Labor Guild Community Spotlight: Jenn Doe and Elissa Cadillic
As the spring semester of the 65th year of Labor Guild school draws to a close, we’ll be profiling some of the amazing teachers working to give our students the tools to build justice at work.
Elissa Cadillic and Jenn Doe are two long time friends of the Guild, who’ve teamed up to teach a course on coalitions for this semester of Labor Guild school.
Elissa Cadillic is the president of AFSCME Local 1526, representing Boston Public Library workers. She’s also a Labor Guild board member, and the president of the board for the Massachusetts Coalition for Occupational Safety and Health. Jenn Doe is the Lead Internal Organizer at SEIU 509, where she’s worked for nearly five years. In the past, she’s worked with Massachusetts Jobs with Justice, and as a strategic researcher for LiUNA Eastern Region.
Both teachers have a long history with the Guild. Jen has been involved off and on since her time at Jobs with Justice, both taking classes and teaching a course on organizing. Jenn has a “special love for the Guild,” which she called one of a small number of organizations that exists primarily for rank and file workers. Elissa first came to the Guild around 2010, when her union was fighting an attempt to close library branches and cut union jobs. Since then, she’s served on the Labor Guild board and taught classes at Guild school a number of times. This is their first time teaching the Coalitions class together.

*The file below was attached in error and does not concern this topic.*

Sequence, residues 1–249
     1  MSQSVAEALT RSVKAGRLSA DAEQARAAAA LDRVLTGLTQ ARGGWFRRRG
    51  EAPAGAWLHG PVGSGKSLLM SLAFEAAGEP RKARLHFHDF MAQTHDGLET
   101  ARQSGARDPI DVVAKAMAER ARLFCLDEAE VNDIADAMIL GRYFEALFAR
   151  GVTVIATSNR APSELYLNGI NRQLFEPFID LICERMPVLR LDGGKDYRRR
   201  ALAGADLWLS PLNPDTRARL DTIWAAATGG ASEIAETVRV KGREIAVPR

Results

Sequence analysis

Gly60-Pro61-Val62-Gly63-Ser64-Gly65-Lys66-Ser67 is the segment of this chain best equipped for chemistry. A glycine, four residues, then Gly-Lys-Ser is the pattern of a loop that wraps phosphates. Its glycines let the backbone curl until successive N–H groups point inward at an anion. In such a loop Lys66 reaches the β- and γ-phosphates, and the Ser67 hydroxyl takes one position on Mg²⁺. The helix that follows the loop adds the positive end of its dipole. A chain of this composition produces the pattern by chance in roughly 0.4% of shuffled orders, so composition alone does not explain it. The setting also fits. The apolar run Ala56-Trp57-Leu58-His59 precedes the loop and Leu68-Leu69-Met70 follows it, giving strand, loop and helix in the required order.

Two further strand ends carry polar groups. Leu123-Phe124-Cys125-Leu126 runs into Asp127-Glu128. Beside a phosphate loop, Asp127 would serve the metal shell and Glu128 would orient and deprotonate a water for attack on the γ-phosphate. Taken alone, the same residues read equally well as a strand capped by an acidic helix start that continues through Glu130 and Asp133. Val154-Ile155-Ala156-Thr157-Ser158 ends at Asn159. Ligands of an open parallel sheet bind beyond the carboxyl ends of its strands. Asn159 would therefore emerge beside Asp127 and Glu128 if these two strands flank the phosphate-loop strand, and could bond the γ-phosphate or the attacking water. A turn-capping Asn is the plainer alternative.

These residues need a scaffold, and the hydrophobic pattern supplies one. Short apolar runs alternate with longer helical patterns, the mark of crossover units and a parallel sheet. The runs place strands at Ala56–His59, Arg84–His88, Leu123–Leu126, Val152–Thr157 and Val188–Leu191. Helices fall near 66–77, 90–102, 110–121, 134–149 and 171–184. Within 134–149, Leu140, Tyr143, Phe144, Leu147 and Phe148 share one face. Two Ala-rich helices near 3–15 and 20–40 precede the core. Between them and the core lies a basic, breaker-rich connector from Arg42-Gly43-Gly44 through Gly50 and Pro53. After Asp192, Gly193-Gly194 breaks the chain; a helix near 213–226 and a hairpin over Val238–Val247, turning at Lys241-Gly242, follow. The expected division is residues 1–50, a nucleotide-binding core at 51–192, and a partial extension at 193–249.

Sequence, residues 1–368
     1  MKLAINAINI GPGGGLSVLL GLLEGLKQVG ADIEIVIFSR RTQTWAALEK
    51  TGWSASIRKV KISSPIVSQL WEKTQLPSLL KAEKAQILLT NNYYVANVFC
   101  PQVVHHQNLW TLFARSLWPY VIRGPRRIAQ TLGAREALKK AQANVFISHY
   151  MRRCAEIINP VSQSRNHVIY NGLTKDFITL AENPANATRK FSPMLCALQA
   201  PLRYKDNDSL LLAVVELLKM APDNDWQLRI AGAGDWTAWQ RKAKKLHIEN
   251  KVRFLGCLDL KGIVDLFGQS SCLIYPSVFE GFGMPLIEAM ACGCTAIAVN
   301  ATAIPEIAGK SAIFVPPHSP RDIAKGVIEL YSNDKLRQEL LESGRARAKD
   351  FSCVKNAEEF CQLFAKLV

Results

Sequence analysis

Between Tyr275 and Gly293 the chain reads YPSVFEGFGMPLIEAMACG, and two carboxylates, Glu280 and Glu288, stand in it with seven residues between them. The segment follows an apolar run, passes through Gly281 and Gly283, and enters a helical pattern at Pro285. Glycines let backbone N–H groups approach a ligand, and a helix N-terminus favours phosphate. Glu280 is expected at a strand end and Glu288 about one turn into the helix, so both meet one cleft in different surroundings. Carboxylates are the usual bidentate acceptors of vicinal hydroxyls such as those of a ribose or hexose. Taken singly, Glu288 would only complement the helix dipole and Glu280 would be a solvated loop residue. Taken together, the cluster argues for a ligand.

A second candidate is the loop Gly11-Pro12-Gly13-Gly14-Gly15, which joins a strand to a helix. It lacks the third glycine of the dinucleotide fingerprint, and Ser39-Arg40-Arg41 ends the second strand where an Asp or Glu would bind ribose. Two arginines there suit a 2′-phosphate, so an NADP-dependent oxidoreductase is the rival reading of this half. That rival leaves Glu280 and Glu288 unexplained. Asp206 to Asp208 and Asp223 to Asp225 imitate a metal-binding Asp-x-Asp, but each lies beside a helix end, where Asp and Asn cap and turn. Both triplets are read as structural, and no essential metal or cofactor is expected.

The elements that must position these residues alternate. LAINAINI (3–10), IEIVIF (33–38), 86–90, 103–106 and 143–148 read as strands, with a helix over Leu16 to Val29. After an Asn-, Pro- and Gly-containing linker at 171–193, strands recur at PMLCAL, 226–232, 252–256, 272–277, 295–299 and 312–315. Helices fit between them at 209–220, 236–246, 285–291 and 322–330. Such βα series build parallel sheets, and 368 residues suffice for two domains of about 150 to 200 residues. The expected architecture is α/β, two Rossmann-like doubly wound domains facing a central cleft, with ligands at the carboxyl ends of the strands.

Fittingly, the first time Jenn and Elissa worked together was on a coalition campaign! During the same effort to save library branches that brought Elissa to the Guild, Jenn was working with Jobs with Justice, who joined together in a coalition with Local 1526. The campaign was ultimately successful, and when asked about it, Elissa said “I’m proud of the work we did and I continue to speak up at meetings and keep touch with our community partners so that we don’t ever have to fight that specific battle again!” She also said that their experience in that coalition is where this semester’s coalition class originated.
Jenn and Elissa are both excited to teach this course, because they see forming coalitions as a crucial tool for labor activism. Elissa said that it’s “important, especially in today’s current political climate, that individuals recognize the necessity of working together around a common theme to achieve success.” Speaking on today’s labor movement in particular, Elissa said:
We need to be better about explaining that our fight for workers’ rights is for all workers and not just organized labor and that a lot of what we organize around is just that. For example, a lot of unionized workplaces have paid sick leave. By joining with other organizations, labor stood up and fought for those individuals who are not organized and had to make a choice between going to work sick or not getting paid.
Jenn echoed this concern for coalitions in today’s movement, saying that with ongoing attacks on workers’ rights to organize, we simply “can’t go alone.”
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